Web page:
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Found 47 results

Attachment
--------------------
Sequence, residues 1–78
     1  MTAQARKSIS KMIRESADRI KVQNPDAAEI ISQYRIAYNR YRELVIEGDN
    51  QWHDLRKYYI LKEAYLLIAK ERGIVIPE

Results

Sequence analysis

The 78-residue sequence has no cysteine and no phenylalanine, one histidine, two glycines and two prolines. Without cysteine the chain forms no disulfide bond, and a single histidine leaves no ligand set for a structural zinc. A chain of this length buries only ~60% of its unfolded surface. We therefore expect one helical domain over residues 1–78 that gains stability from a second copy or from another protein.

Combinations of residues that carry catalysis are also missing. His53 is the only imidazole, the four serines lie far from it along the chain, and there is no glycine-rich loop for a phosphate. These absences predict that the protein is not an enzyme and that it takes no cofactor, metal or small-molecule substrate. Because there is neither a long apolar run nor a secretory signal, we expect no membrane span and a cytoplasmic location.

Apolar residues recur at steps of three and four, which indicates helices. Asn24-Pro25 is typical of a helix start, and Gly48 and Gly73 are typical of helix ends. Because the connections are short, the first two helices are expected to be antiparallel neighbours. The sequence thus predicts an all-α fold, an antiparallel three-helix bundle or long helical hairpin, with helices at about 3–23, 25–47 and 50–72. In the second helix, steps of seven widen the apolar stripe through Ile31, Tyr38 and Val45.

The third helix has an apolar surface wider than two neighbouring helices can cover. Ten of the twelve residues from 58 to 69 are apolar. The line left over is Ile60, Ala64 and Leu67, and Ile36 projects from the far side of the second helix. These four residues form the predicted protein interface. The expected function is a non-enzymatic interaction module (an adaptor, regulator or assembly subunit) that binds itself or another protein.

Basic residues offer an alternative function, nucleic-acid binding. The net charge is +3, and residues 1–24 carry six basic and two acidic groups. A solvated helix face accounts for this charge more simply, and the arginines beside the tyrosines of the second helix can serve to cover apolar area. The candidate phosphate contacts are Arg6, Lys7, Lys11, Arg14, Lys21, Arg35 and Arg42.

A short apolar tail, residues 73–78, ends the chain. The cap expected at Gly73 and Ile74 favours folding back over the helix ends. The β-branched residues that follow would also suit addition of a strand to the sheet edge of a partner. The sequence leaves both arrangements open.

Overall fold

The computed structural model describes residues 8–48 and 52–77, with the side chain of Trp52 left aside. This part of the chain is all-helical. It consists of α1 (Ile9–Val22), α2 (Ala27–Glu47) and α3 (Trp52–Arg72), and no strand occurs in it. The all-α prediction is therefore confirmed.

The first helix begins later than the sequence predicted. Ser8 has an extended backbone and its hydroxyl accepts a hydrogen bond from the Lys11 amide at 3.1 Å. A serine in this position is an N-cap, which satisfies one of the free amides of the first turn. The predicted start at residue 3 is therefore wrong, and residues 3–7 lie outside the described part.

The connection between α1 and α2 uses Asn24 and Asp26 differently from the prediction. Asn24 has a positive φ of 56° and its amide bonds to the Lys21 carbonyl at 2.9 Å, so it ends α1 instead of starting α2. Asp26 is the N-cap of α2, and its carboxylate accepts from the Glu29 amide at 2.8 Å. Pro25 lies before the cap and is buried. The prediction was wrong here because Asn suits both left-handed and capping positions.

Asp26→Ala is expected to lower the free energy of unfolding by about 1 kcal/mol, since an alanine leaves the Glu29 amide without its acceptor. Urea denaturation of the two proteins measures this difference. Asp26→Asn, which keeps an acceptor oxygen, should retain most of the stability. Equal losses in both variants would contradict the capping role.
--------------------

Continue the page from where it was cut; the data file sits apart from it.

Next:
1. Content Article